Thinking of investing in Audioboom? Take a look at 7Digital instead…by James Faulkner

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Thinking of investing in Audioboom? Take a look at 7Digital instead…

Audioboom, whose ticker symbol (BOOM) raises some rather ambivalent emotions, has certainly got off to a cracking start after it reversed into One Delta Plc in April. One of those proverbial “next big things”, Audioboom shares have already quadrupled in the space of a few months. So what is all the fuss about?


Essentially, Audioboom seems to be attempting to do for audio what YouTube did for video.

The firm provides both broadcasters and content creators with a very simple and effective way of distributing audio clips via social media. Using both a web browser interface and a mobile app on iPhone and Android, users can browse content uploaded by others or create content themselves. Each audio upload can then be easily or even automatically attached to a tweet or sent to Facebook friends.

On the Audioboom app itself, broadcasters and content creators have ‘channels’ on which their uploads are collected. It is now used widely by most of the UK radio sector, adopted by the BBC as an official technology partner and is beginning to move into the broadcast market in the US.

Registered users are up 100% in 12 months from 1.4 million to 2.8 million as at 25th August 2014, with over 12 million active users and 93 million page impressions served in July 2014. Meanwhile, content partners increased from 150 to 1,200 in 12 months, including SkySports, BBC, Global Radio, Bauer Media Group, Aljazeera, talkSPORT and The Guardian.

The really exciting thing about Audioboom is that growth in the user base has been achieved without any marketing spend at all; rather, it has simply gone ‘viral’, to use the industry jargon. However, while growth in user numbers has been impressive, the company reported just £24,000 in revenue for the five months to 31st May 2014.

For a company valued at just under £90 million, there is, to put it mildly, a certain amount of optimism already cooked into the valuation here. But then again, we’re dealing with a ‘social media’ stock, and it should be remembered that industry heavyweights such as Facebook spent a long time concentrating on building a ‘platform’ before they even began thinking about monetisation. So long as the market recognises the potential, valuations in this space can look very outlandish indeed.

Caveat over the valuation aside, there looks to be interesting times ahead for Audioboom.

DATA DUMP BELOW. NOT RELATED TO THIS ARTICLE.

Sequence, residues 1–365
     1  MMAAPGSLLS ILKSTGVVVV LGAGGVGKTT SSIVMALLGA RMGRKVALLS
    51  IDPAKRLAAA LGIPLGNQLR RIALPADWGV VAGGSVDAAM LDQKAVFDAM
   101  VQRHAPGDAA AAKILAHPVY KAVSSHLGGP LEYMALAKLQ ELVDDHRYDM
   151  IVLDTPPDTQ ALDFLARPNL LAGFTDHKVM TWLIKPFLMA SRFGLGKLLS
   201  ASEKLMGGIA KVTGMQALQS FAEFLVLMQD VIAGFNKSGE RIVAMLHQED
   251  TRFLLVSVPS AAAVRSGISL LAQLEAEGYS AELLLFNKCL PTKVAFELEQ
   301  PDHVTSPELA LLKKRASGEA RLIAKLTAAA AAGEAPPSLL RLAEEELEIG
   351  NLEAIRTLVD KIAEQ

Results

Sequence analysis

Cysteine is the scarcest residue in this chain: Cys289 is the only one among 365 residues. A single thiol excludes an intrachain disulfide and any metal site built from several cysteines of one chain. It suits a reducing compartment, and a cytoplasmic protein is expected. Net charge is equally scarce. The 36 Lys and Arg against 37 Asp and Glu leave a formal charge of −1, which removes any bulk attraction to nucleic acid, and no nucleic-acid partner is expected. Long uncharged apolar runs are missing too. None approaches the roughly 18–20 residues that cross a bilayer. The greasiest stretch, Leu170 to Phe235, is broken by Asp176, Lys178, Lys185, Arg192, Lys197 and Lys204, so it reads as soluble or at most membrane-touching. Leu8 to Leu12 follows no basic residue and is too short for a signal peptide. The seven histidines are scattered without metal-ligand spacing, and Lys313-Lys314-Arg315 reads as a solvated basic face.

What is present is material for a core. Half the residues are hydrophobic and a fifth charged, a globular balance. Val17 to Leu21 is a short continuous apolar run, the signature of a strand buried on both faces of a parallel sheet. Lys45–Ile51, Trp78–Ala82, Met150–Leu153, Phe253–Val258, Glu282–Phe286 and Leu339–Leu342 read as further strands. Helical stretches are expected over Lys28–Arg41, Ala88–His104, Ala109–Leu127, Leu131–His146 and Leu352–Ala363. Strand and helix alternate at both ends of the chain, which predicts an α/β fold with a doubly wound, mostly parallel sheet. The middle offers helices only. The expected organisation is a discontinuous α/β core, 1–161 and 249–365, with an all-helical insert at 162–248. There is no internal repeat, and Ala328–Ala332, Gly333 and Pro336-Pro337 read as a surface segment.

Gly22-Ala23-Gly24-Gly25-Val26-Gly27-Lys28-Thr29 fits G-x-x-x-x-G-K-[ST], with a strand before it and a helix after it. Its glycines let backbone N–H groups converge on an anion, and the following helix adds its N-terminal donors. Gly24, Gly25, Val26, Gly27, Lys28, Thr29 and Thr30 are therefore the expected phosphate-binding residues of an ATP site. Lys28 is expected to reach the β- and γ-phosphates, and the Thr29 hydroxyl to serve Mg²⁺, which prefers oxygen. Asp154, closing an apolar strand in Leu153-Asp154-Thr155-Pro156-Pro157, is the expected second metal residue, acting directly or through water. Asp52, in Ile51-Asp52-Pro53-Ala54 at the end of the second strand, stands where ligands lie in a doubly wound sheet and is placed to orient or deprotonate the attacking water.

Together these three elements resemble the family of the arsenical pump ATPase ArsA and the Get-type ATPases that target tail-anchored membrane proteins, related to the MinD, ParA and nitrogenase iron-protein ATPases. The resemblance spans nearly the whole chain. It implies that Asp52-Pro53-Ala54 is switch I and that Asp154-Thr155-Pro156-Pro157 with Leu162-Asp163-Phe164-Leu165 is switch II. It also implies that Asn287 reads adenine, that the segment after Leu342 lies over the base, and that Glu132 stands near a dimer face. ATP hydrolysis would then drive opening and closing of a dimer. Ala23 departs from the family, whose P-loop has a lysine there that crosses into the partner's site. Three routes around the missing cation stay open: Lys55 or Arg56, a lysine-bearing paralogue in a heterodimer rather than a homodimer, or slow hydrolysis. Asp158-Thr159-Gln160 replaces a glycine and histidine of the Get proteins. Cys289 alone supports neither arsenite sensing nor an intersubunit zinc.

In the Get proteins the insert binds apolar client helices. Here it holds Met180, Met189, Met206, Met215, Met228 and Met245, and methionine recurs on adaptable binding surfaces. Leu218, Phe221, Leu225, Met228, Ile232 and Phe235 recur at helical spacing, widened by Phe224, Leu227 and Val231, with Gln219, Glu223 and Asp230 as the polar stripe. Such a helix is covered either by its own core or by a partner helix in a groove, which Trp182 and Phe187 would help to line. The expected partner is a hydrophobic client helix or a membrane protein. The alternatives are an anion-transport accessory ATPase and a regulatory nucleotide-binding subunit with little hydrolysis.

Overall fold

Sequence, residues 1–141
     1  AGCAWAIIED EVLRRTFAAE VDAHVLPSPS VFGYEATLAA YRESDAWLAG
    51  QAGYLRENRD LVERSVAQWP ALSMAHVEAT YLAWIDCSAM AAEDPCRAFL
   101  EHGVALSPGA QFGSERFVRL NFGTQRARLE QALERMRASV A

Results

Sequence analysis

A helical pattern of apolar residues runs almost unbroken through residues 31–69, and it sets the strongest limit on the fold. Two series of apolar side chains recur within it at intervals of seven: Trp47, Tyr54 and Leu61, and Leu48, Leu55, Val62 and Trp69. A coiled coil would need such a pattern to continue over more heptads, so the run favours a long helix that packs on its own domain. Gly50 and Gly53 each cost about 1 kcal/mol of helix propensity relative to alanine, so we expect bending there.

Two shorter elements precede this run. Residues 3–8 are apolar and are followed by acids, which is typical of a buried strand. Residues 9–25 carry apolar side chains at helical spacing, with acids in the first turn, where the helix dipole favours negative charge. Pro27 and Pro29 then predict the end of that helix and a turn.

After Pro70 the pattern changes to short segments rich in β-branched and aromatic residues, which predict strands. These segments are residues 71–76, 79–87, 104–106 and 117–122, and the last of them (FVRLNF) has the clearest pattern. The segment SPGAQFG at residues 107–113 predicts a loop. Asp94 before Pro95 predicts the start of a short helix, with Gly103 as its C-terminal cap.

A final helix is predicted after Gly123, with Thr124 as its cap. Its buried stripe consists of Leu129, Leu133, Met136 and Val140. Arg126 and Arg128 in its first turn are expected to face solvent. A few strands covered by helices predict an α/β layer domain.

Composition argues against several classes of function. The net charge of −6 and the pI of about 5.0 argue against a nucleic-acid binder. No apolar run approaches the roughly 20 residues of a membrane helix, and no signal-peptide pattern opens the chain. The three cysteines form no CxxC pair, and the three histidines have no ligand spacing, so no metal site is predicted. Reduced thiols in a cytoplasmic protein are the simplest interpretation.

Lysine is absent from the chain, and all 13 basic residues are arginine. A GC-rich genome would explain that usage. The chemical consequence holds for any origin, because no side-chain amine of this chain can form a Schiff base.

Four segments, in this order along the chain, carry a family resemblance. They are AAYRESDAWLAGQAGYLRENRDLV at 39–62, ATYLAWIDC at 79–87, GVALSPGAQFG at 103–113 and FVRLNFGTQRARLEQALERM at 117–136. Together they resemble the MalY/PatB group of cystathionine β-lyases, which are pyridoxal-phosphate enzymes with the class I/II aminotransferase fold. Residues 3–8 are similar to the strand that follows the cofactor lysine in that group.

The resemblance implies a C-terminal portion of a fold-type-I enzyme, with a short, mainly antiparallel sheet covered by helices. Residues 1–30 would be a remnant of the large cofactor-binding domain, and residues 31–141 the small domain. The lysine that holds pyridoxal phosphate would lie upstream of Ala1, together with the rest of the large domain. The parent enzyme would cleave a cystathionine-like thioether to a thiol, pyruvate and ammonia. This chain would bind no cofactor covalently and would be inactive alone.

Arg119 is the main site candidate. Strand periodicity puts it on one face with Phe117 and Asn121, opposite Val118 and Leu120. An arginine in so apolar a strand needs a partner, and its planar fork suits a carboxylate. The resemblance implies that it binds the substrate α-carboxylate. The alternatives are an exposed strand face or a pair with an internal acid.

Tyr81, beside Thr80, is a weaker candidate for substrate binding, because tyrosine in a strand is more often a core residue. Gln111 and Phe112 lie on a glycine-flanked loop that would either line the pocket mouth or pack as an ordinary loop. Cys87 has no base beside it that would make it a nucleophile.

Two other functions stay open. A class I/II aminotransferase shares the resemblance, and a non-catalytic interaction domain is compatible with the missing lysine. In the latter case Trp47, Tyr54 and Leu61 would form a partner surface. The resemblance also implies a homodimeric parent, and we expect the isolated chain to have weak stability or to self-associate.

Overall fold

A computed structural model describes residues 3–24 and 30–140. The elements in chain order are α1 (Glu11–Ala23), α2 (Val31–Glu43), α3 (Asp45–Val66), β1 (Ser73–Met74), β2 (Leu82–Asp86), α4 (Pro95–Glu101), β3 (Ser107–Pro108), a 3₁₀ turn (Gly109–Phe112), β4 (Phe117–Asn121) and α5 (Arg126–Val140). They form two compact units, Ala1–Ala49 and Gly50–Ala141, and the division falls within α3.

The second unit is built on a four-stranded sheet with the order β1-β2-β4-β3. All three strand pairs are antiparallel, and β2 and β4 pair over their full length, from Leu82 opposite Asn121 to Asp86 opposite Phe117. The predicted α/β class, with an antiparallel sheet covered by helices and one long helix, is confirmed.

A recently announced deal with talkSPORT to sell advertising on Audioboom’s UK sport content “illustrates the readiness of the platform for monetisation”, according to management. Meanwhile, the launch of the new app at the end of September “will revolutionise the way audio is consumed, providing a seamless, automated way to search and consume news, sport and entertainment.” A Spanish language version of the platform and app is also on the way, to target the Hispanic markets in North and South America. 

If one is persuaded of the attractions of a punt on Audioboom, it is interesting to note that 7Digital Group (7DIG) (formerly UBC Media) holds an 18.7% stake in Audioboom which, at time of writing, is valued at £16.7 million. In the light of a market cap for 7Digital of just £20 million, this looks like a potentially interesting situation.

Formed by the combination of 7Digital and UBC Media, 7Digital has positioned itself as a B2B (business-to-business) services provider in the growing digital music and streamed radio market (hence the interest in Audioboom). Its global platform for music rights management and services covers 42 different countries with over 26 million tracks available globally for exploitation. In particular, I note the following comments from broker Investec:

“The number of songs is on par/better than other players (e.g. Spotify at ‘over’ 20m). We believe a new entrant would need to spend 3-4 years to replicate its platform and spend tens of million dollars given the number of rights and technology issues. 7digital should be preferable as a backbone provider to, say a JV with Spotify, as customers want control of their own valuable customer relationships.”

Crucially, this is an operationally geared business with a relatively fixed overhead base, so once breakeven is reached, profit growth could be very strong indeed.

Joint house brokers (salt shakers on standby) Investec and finnCap both envisage profitability in FY16 (year to December) and have price targets of 37p and 38p respectively, against a current share price of 16.375p. Although a sensible P/E-based metric isn’t possible until FY17 on their numbers, there is net cash of £6 million, which management believes is sufficient to “fund the combined business to a position of profitability.” Stripping out the current value of the stake in Audioboom, 7Digital is valued at just £3.3 million, which is less than net cash. If house brokers are to be given credence, this company could be making north of £2 million in 3 years’ time. It strikes me that those seeking exposure to Audioboom should consider doing so via 7Digital.

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